Voices ring out over Hobart as winter festival reunites community

Hobart’s Festival of Voices returns, welcoming back choirs and singers from across Australia for 12 days of workshops and performances.
Voices ring out over Hobart as winter festival reunites community Celebrating the power of choirs at the Festival of Voices 2019, credit Alastair Bett.
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Sabine Brix

Friday 23 April, 2021

The pandemic has taught us all how vital community is to our health and happiness. For choral singers across the country, the chance to once more perform and meet in person is a welcome relief as Festival of Voices returns again in 2021.

Joan Wright OAM, the Choral Producer, Curator and Presenter of Festival of Voices, said COVID made people realise just how much they missed coming together to sing.

‘People have said they didn’t realise how important singing in ensembles was, and that COVID made them really appreciate that this is not just about singing – it's about belonging to a group, it's about mixing with various people who have the same interests,’ she told ArtsHub.

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Wright added: ‘I think it's really important that we're providing opportunities to people; the most important thing is to bring people back together.’

To great disappointment the event was cancelled in 2020, so this year’s bumper program includes an emphasis on choral, contemporary and cabaret works featuring Australian singers and composers.

There’s also a focus on educational workshops, with over 20 participatory events to choose from, including a workshop on The Art of Versatile Singing (which empowers participants to sing any genre including classical, jazz, rock and pop) and a Musical Theatre Masterclass. For less experienced singers, the Havacrackapella Workshop is open to all singing skill levels.

Wright believes the festival can convert anyone into a singer and emphasises that anyone is welcome. ‘There's no such thing as people who can't learn to sing. Who doesn't sing the football songs for goodness sake?’ she laughed. ‘There are just these false barriers that exist. Everyone can sing, and that's what our festival is about.’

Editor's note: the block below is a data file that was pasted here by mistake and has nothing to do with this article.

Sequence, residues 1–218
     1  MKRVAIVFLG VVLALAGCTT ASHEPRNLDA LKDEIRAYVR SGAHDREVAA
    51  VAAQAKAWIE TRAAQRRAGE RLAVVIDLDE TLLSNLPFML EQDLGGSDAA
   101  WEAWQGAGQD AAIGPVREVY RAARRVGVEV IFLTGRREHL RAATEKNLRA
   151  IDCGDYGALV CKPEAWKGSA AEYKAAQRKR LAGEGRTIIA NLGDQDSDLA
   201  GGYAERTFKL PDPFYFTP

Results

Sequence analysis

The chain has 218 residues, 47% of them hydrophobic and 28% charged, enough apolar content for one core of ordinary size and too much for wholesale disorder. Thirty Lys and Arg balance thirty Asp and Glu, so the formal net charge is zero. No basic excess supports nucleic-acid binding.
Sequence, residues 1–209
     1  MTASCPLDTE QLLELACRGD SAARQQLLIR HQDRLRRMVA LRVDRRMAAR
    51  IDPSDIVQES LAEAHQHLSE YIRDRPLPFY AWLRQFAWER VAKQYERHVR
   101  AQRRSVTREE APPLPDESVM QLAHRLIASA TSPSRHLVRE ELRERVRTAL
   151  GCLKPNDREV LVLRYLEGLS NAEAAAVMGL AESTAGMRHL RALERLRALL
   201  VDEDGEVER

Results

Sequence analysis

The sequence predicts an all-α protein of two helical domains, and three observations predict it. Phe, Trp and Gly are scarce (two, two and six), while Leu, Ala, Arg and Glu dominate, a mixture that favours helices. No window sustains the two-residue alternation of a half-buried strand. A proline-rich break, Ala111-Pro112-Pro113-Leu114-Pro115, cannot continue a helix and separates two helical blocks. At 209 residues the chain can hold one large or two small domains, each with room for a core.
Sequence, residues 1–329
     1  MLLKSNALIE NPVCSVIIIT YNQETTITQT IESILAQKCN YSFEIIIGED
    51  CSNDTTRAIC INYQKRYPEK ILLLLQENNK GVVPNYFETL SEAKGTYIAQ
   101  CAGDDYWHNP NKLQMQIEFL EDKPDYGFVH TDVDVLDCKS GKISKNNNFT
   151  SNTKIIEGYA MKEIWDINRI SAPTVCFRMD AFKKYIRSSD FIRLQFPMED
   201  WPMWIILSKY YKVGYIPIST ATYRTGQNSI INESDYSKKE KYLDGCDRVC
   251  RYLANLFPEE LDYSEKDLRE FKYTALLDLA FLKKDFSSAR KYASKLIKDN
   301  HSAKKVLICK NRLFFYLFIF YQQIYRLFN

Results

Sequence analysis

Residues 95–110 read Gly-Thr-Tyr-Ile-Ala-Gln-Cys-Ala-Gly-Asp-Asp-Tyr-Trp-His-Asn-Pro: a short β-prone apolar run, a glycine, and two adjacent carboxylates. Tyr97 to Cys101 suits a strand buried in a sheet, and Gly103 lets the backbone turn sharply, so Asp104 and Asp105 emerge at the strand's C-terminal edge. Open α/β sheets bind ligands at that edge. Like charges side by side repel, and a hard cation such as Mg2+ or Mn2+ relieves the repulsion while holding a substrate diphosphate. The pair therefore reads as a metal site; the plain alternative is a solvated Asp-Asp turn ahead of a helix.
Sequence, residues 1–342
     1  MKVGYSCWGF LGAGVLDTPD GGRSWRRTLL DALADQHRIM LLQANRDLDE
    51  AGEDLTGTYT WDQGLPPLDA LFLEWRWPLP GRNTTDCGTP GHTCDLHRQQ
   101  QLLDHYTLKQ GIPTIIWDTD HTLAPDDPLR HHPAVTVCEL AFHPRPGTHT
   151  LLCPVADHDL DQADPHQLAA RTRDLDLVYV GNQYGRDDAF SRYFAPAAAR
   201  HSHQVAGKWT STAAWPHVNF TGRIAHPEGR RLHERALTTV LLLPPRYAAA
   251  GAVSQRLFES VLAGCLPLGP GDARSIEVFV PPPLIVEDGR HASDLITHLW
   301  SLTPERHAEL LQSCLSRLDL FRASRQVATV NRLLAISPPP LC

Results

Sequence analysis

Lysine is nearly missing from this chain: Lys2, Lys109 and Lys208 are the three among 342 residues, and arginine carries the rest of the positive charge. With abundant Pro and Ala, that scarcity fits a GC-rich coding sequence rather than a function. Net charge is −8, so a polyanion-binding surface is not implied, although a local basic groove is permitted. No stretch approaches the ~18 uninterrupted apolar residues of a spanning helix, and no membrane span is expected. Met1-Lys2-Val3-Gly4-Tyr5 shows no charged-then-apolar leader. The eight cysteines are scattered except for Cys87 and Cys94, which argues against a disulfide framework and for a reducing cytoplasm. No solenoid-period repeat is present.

For those already in a choir, the festival is your best opportunity to perform at some of Tasmania’s most picturesque venues, from museums to markets, libraries to leading hotels.

Choir packages such as the Tasmanian Choir Package and Visiting Choir Package give participants a range of singing experiences from pop-up indoor concerts to exclusive events at the festival designed specifically to make it the best experience for choirs.

Uniting those with a passion for singing

Since it began in 2004, the festival has been bringing audiences together. It was the first Tasmanian winter festival to introduce bonfires as a central theme in which an iconic image sees thousands singing around the fire in Salamanca Place.

Although COVID restrictions may limit crowds, the focus has shifted to appreciate Australian singers.

‘The international programs have vanished, but it's made people stop and think about what we've got in Australia,’ she said.

This year’s major performances include the premiere of composer Don Kay’s work Conflagration, about the Australian bushfires, and an Australian Voices Choir performance accompanied by Hobart Chamber Orchestra.

There are also over 600 young performers from across the state taking part in Tasmania Sings and a Finale Concert – where all the workshop participants get to showcase their voices in a major spine-tingling concert featuring over 400 performers.

The festival has a COVID-safe plan and Wright has seen firsthand at local choral concerts just how respectful audiences are as they come out to enjoy performances once more.

She says this is just a taste of things to come when Festival of Voices resumes in June.

‘You know singing is so important in that people will just be euphoric about being able to go to a live concert,’ she said. ‘I think Festival of Voices is going to fill that void that's been there for 12 months. And then really bring people together for the joy of singing.’

Festival of Voices runs from 30 June – 11 July 2021. Full program coming soon.

About the author

Sabine Brix is a writer, editor, podcaster and electronic musician with a specific interest in personal storytelling that captures the essence of why people create. She was the former Online Content Producer at Archer Magazine and editor of the LGBTI website Gay News Network.

She has produced sound art for BBC's Radio4  and composed music for the web series Starting From Now, which screened on SBS. This year she released her debut EP on the French electronic music label Parfé Records.

Follow Sabine on Twitter @sabinebrix